A shemagh or a keffiyeh is a scarf worn in the desert to protect the wearer from heat and sand. Often worn in the Palestine region, this piece of cloth is not just a scarf for the Middle Eastern countries. The Shemagh is a symbol of culture and heritage and holds great value for all those who dwell there.
The story behind Shemagh
The shemagh likewise called a keffiyeh and ghutrah – actually originated in the Middle East. They are a scarf-type cloth regularly found in the arid regions to provide safety from the direct sun its exposure and to shield the mouth and eyes from blown sand and dust. It's like a bandana but a lot bigger. It has been embraced by military powers everywhere throughout the world as a standard-issue article of clothing in light of its sheer usefulness.
For an outdoorsman or survivalist, the shemagh can be an instrument with actually several employments. Combined with goggles, the shemaghs are worn in a triangular manner tied down the middle and are sometimes used to cover the face as well. This particular style is additionally ordinarily polished by troops in vehicles who use it in increasingly mild atmospheres to battle the breeze and chill of being in a moving vehicle. For a considerable length of time, shemagh has been given to British fighters. Due to its utility, it was before long received by Middle Eastern units too. The article of clothing's utilization by some military and police units of the previous British Empire goes back to before World War II. They were worn while working in North Africa as an approach to battle the cruel breezes and continuous dust storms. After the war, the shemagh kept on being utilized in both desert and calm regions. The piece of clothing has likewise been being used with the Australian military since the Vietnam War, and broadly during the Afghanistan wars and Iraq. Since the start of the "War on Terror," the shemagh has been embraced by US troops too, who generally use the cotton olive shemaghs with dark sewing.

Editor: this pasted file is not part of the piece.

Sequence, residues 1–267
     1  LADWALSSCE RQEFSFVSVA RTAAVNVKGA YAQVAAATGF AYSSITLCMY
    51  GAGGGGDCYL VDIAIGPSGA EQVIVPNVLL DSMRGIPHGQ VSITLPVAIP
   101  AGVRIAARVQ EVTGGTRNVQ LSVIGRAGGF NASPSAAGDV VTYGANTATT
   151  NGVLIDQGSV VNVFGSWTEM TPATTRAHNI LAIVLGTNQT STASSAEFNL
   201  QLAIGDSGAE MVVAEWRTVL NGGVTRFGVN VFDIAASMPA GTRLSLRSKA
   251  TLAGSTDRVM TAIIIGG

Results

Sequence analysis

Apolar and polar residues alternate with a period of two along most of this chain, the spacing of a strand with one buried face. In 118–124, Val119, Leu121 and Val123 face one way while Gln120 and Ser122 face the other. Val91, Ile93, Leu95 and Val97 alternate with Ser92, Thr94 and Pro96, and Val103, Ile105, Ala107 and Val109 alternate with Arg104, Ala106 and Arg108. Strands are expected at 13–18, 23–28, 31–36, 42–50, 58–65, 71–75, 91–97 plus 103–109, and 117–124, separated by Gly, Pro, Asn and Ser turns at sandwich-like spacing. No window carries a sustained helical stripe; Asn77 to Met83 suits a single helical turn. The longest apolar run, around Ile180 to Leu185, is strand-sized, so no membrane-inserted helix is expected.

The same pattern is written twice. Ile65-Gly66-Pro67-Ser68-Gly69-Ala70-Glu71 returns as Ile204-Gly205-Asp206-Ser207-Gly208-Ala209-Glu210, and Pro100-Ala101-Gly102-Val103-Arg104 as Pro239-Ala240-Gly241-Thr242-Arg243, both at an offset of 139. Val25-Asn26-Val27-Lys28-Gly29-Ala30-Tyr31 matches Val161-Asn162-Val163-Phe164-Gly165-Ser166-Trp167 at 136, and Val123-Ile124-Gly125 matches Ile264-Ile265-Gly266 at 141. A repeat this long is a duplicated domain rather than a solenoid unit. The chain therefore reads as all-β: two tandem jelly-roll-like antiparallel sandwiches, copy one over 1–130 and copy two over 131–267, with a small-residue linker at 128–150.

A lot if tying technics
The various ways of tying a shemagh and the different colors all have a different story to tell. While the red shemagh is often associated with Jordan, the black and white pattern is related to Iraq. Similarly, the white and red pattern is associated with the Arabian Peninsula. However, the variation in colors is also a means of fashion in many parts of the world.
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